United States v. Dreos, Crim. No. 23812.

CourtUnited States District Courts. 4th Circuit. United States District Court (Maryland)
Writing for the CourtGeorge C. Dreos, pro se
Citation156 F. Supp. 200
Docket NumberCrim. No. 23812.
Decision Date11 October 1957
PartiesUNITED STATES of America v. George C. DREOS.

156 F. Supp. 200

George C. DREOS.

Crim. No. 23812.

United States District Court D. Maryland. Criminal Division

October 11, 1957.

156 F. Supp. 201

Leon H. A. Pierson, U. S. Atty., and William J. Evans, Asst. U. S. Atty., Baltimore, Md., for plaintiff.

George C. Dreos, pro se.

THOMSEN, Chief Judge.

The information in this case charges that: "On or about the 15th day of August, 1956, in Prince George's County, in the State and District of Maryland, George C. Dreos did, on lands reserved or defined for use of the United States and under the concurrent jurisdiction of the United States and the State of Maryland, to wit, the Baltimore-Washington Parkway, operate a motor vehicle * * * at a rate of speed exceeding fifty-five (55) miles per hour. U.S.C. Title 18, Sections 7(3) and 13, Annotated Code of Maryland, (1951), Art. 66½, Sec. 176."1

156 F. Supp. 202

Defendant, a lawyer, raises three issues: (1) jurisdiction, (2) use of radar equipment in determining the speed of the car, and (3) proof of criminal intent.

(1) Defendant states the first issue as follows:

"Whether this Court has jurisdiction of this case in view of the provision of the U. S. Constitution, to wit: Article I, Section 8, Clause 17, which provides that `the Federal Government shall exercise exclusive legislation * * * over all places purchased by the consent of the legislature of the state in which the same shall be, for the erection of forts, magazines, arsenals, dockyards, and other needful buildings' and Article 4 of the Bill of Rights of the Constitution of Maryland which provides, `That the people of this State have the sole and exclusive right of regulating the internal government and police thereof, as a free sovereign and independent State'?"

He concedes that the Government properly acquired legal title to the land upon which the Washington half of the Baltimore-Washington Parkway was built, over which he is charged with speeding, and concedes that the term "building" in Art. I, sec. 8, clause 17 includes "whatever structures are found to be necessary in the performance of the functions of the federal government". James v. Dravo Contracting Co., 302 U.S. 134, 58 S.Ct. 208, 213, 82 L.Ed. 155. He contends, however, that highway roadbeds are not structures and that the Federal Government did not acquire either exclusive or concurrent jurisdiction over the land condemned for the construction of the parkway.

Defendant's statement of the issue is too narrow. For the reasons set out below, concurrent legislative jurisdiction in the United States sufficient to justify the enactment and enforcement of the law under which defendant is prosecuted in this case may be sustained either under Art. I, sec. 8, clause 17, quoted above, or under Art. IV, sec. 3, clause 2 of the Constitution of the United States, which reads as follows:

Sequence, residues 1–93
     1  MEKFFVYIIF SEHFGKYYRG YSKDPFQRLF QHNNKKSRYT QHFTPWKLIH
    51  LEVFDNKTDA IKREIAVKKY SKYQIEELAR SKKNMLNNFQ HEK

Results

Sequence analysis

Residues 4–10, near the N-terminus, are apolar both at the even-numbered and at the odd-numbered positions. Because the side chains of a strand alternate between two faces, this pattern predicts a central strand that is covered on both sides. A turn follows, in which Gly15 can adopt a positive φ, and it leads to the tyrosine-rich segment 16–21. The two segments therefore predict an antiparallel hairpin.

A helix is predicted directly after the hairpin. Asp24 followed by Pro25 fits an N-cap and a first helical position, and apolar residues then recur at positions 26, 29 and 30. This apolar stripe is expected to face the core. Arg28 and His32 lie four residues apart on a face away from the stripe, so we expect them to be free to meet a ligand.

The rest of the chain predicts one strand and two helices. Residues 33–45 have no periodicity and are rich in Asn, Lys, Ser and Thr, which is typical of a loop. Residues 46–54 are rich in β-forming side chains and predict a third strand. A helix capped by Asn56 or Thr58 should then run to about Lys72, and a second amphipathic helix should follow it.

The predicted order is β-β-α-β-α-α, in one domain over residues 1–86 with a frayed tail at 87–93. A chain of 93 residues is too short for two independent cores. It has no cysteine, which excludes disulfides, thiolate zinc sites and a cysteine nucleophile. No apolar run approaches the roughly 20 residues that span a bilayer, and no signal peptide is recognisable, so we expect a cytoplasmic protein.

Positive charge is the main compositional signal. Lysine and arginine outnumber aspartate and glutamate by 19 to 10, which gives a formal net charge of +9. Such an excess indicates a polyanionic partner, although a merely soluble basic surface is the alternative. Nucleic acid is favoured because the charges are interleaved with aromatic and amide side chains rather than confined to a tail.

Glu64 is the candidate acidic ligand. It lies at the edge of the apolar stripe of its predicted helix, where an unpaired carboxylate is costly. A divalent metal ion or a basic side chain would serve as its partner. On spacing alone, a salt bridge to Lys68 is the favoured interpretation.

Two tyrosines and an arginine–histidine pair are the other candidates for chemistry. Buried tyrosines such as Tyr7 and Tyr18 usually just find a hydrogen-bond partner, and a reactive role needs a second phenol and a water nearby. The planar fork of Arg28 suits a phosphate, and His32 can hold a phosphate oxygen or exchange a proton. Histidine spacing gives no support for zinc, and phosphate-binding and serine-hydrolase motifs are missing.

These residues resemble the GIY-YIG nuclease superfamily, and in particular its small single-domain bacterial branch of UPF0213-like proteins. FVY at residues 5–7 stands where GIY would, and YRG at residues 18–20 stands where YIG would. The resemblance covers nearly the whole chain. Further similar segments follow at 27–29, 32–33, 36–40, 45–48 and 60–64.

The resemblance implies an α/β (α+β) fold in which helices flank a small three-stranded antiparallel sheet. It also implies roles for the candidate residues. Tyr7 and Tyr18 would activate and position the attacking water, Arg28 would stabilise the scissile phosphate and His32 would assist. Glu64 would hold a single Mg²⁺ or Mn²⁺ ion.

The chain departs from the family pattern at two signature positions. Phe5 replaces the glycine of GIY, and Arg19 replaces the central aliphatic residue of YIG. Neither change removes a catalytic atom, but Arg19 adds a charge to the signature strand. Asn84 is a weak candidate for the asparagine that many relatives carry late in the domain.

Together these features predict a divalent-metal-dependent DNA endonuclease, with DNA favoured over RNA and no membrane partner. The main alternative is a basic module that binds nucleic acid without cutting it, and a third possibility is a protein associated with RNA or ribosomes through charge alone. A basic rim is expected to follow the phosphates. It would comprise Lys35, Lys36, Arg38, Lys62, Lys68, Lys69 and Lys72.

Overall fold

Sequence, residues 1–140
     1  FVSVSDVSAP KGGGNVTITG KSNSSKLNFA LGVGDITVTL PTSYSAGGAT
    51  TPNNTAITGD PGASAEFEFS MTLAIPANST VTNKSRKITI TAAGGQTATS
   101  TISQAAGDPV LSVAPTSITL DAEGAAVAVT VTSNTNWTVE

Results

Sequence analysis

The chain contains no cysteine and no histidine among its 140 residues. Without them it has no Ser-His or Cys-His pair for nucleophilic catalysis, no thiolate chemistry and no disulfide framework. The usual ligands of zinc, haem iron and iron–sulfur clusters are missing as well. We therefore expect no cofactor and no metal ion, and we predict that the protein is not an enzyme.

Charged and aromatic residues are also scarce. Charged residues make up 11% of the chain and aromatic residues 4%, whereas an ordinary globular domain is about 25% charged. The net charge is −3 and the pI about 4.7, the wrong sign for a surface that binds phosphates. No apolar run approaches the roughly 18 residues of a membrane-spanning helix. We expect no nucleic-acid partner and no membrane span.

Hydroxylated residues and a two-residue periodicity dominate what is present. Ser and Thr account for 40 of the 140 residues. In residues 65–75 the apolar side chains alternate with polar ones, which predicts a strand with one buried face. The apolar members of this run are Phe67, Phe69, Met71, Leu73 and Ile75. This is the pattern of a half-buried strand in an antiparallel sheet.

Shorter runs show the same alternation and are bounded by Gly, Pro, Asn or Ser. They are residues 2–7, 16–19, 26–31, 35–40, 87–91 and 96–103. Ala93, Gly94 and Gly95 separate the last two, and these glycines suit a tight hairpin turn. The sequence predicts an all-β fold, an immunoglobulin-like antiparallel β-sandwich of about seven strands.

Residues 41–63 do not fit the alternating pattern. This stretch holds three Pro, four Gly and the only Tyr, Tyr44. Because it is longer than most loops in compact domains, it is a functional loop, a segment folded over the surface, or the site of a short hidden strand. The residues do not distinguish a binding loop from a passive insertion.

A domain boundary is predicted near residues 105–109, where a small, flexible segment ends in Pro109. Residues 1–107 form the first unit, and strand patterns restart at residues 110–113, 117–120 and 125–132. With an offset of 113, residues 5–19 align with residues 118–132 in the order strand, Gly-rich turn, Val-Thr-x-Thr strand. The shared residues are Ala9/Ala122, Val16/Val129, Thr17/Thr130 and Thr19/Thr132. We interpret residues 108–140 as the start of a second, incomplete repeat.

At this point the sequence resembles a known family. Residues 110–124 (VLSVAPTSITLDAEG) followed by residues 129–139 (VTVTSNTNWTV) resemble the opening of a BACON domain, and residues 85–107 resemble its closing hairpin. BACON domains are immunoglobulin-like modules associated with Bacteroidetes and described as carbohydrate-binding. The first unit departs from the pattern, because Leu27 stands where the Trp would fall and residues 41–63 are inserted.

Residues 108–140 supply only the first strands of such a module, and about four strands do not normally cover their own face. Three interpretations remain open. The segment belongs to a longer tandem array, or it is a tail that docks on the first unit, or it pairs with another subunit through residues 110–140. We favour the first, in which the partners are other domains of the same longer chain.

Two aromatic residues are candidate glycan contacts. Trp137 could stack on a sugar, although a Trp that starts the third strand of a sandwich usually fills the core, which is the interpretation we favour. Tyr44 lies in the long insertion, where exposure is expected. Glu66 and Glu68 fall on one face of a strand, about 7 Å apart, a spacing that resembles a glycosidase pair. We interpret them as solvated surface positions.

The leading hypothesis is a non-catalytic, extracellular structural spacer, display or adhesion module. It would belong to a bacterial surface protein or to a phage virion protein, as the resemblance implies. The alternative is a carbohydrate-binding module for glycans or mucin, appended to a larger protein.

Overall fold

"The Congress shall have Power to dispose of and make all needful Rules and Regulations respecting the Territory or other Property belonging to the United States; and nothing in this Constitution shall be so construed as to Prejudice any Claims of the United States, or of any particular State."

The problem of jurisdiction over federal areas within the states is difficult and complicated. It is the subject of a recent two volume report entitled "Jurisdiction over Federal Areas within the States", prepared by an Interdepartmental Committee and published by the Government Printing Office, vol. 1 in 1956 and vol. 2 in 1957. This report considers at great length the legislative, administrative and judicial history of the problem over the years, and analyzes the present situation in the several states with respect to land acquired and held by the Federal Government for various purposes. I will not repeat that historical discussion, but will refer only to the Federal and State statutes which affect this case.

156 F. Supp. 203

The Baltimore-Washington Parkway is divided into two roughly equal parts. The Baltimore half was built by the State of Maryland on land owned by the State; the Washington half was built by the Federal Government on land owned by the United States.

The Washington half, comprising a small portion within the District of Columbia and a much larger portion within the territorial boundaries of the State of Maryland, is regarded as an extension of the park system of the District of Columbia and its environs; it was constructed and developed and is administered and maintained by the Secretary of the Interior, through the National Park Service, subject to the provisions of the Act of Congress of Aug. 25, 1916, 39 Stat. 535, 5 U.S.C.A. § 485, the provisions of which were extended over and made applicable to the parkway by the Act of Aug. 3, 1950, 64 Stat. 400. See also 16 U.S.C.A. §§ 1c, 2, 3, and 40 U.S.C.A. §§ 70 to 74, together with notes and annotations thereto.